An old Greensboro friend and blogging buddy Roch Smith asked me a couple weeks ago if I’d be willing to help him out with a little project. Of course, I said yes.
The Greensboro City Council was considering the addition of stronger pornography filters to the computers at its libraries. Unfortunately, most porn filters end up filtering out more than just porn. Many times, the filtering software limits access to non-obscene, medically accurate and beneficial information. Sometimes that is an unforeseen byproduct of the service/software providing the filtering. Other times, as was the case in the Winston-Salem/Forsyth County School System when I was a student there, improper filtering of non-obscene material is by design.
For Roch’s project, I headed to the Charlotte-Mecklenburg library in Plaza-Midwood and logged on to one of their networked computers. Roch had me visit a slew of non-pornographic websites. Many of them were accessible. Others, however, were blocked. (Roch has the short list of websites blocked in Charlotte and a bit of commentary at his site.)
The Greensboro City Council last night decided against stronger filtering software. It’s a victory, even if only for right now.
After two hours of debate, the City Council unanimously decided against adding pornography filters to library computers.
The council did, however, ask for a report in 90 days detailing the extent to which the computers are being used to view pornographic websites.
The debate came after Councilman Danny Thompson asked the library to use filtering software to prevent patrons from viewing inappropriate sites.
But after hearing that reports of people caught viewing pornography have decreased 80 percent this year, council members chose to keep using the current software.
“Statistically speaking, as it sits in front of me right now, it is not hundreds of (incidents),” said Councilman Zack Matheny. “The people going into our library system right now should feel safe.”
But, exactly why does it matter if some non-obscene websites are the unfortunate victims of not-so-perfect porn filtering? A person visiting a library, especially an adult, shouldn’t have the government looking over their shoulder deciding what is or is not appropriate for them to view. In the instance of minors, this argument becomes a bit more fluid. Regardless, filtering software often kills access to vital information some adults and even youth might need, like access to information on safer sex practices or other sexual concerns.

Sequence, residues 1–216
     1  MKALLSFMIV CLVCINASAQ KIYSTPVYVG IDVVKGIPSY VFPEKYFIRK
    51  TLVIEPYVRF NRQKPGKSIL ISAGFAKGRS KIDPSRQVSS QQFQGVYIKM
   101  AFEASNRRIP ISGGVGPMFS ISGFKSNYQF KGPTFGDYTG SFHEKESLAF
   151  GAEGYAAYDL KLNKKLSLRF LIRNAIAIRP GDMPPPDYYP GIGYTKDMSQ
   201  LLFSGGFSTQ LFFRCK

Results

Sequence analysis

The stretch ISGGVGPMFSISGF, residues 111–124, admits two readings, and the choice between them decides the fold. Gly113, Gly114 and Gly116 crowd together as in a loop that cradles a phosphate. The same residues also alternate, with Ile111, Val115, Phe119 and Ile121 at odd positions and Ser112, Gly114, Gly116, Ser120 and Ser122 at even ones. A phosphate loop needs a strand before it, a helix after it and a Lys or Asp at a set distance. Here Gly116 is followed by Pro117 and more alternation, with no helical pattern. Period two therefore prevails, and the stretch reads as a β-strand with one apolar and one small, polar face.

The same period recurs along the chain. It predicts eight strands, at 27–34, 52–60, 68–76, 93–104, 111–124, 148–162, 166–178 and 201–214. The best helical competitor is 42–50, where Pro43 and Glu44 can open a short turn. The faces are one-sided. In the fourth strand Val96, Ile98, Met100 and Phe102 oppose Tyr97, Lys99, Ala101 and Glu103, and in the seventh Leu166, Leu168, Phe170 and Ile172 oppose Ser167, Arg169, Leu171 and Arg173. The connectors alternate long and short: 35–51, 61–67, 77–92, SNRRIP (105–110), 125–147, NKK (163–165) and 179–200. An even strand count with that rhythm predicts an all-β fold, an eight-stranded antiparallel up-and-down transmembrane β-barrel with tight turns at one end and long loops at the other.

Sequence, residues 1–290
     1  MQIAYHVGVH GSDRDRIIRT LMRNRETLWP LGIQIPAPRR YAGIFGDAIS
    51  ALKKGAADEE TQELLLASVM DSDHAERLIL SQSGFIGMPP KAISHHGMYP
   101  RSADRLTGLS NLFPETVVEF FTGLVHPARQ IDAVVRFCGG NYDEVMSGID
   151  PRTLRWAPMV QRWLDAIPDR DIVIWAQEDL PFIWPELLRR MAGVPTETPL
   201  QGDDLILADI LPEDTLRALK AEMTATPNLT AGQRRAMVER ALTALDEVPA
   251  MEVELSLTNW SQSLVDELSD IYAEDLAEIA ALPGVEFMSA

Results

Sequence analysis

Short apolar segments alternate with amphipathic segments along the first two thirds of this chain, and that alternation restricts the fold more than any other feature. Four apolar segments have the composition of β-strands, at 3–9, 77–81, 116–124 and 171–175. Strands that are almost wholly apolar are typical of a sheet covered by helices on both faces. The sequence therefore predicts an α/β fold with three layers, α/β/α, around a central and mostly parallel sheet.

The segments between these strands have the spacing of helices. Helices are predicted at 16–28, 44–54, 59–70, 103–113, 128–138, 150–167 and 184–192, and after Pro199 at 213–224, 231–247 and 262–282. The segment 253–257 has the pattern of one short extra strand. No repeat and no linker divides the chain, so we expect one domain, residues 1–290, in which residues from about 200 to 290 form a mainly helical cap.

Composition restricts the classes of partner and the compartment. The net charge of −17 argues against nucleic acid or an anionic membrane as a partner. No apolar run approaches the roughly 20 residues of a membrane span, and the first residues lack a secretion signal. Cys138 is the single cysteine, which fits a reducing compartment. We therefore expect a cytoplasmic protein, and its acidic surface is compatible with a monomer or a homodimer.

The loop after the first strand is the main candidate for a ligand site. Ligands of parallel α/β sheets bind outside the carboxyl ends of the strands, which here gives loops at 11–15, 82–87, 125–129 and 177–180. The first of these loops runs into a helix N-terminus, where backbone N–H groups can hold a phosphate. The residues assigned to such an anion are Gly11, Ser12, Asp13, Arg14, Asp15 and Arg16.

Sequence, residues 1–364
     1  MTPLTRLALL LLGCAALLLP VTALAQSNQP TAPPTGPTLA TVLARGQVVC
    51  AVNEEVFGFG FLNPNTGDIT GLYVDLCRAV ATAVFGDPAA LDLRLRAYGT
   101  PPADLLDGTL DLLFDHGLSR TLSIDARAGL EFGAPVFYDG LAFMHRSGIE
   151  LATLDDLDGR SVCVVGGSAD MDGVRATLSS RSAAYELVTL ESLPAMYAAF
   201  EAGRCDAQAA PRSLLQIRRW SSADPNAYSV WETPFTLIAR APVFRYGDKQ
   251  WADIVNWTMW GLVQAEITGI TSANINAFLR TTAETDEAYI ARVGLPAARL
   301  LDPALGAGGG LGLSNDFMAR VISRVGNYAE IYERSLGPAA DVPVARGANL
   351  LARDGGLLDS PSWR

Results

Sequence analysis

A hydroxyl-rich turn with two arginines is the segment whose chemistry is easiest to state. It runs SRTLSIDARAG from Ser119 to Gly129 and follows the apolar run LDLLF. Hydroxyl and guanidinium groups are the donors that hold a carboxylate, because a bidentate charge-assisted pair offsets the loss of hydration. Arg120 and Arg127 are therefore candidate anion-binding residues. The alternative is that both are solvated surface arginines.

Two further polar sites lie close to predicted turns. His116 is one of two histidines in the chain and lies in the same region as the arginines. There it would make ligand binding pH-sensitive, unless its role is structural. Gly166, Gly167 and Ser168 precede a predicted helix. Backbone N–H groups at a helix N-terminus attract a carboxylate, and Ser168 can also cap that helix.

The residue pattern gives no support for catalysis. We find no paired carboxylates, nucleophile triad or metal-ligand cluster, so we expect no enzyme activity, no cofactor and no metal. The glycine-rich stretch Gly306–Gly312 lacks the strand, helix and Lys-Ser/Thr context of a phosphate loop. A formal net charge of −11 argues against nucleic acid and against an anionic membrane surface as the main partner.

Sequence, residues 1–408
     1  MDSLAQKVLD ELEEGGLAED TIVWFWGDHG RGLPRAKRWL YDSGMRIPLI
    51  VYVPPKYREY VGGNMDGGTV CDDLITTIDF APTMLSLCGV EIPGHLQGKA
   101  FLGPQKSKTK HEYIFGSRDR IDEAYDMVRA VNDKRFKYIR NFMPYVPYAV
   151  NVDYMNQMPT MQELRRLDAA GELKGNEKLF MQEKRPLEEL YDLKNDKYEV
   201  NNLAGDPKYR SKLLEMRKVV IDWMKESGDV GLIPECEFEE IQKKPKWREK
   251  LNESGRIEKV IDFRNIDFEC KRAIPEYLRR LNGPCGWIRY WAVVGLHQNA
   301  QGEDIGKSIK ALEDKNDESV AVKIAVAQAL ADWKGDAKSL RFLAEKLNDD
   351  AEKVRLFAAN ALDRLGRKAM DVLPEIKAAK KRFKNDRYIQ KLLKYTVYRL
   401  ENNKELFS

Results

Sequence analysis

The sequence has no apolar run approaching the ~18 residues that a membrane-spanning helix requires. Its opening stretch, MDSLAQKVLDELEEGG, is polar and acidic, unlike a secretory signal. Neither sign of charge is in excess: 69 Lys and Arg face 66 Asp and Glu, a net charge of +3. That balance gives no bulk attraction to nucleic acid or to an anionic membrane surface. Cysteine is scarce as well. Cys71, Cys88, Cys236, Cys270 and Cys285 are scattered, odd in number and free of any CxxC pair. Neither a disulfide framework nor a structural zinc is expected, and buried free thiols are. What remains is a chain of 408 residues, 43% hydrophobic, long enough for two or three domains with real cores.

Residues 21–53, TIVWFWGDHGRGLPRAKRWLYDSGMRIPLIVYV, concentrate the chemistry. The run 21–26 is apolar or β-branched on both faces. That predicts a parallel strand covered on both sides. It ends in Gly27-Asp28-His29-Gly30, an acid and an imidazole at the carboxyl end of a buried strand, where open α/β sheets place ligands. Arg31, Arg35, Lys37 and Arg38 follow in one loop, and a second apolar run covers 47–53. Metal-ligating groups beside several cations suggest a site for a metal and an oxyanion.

In Winston-Salem, as mentioned above, the by-design blockage of all websites deemed “Lesbian or Gay or Bisexual Interest” prevented youth from accessing websites belonging to non-profit LGBT organizations. In particular, the software blocked access to the website of the Gay, Lesbian and Straight Education Network.
It was an unjust situation I addressed as a young high school student in a December 2004 letter to the editors of my school newspaper, Reynolds’ Pine Whispers (wow, that seems like such a long time ago — amazing issues then, and so local, are still salient):
Last spring a new category in the school system’s Internet filtering software appeared. The category, “Lesbian or Gay of [sic] Bisexual Interest,” blocks websites concerning homosexuality, websites such as www.glsen.org , which is the website for the national offices of the Gay, Lesbian and Straight Education Network (GLSEN). Is it any coincidence that the new filtering category and the blocking of the GLSEN website came into being right after last year’s controversy with the School Board and the addition of questions concerning anti-gay harassment into the school system’s school climate surveys?
The addition of the questions was spearheaded by Winston-Salem’s local chapter of GLSEN. I believe that the blocking of the national GLSEN website and the addition of the new filtering category is being used as a form or retaliation against the local gay communities by members of the School Board or by staff of the WS/FC Schools.
I find it very disturbing that anti-gay websites, as well as other websites like the KKK’s website, can still be accessed by students, but pro-gay websites like GLSEN’s cannot. This type of censorship will only hurt students in the long run. Without access to various types of information and viewpoints, students will not be able to freely form their own opinions and beliefs — another form of bullying.
I hope that during the next election for school board members, our city and county citizens will have enough pride and integrity to elect those who will stand up for ALL students, regardless of their beliefs. It is time for our leaders to stand up and make the right decisions in order to create safe and positive learning environments for the students entrusted to their care.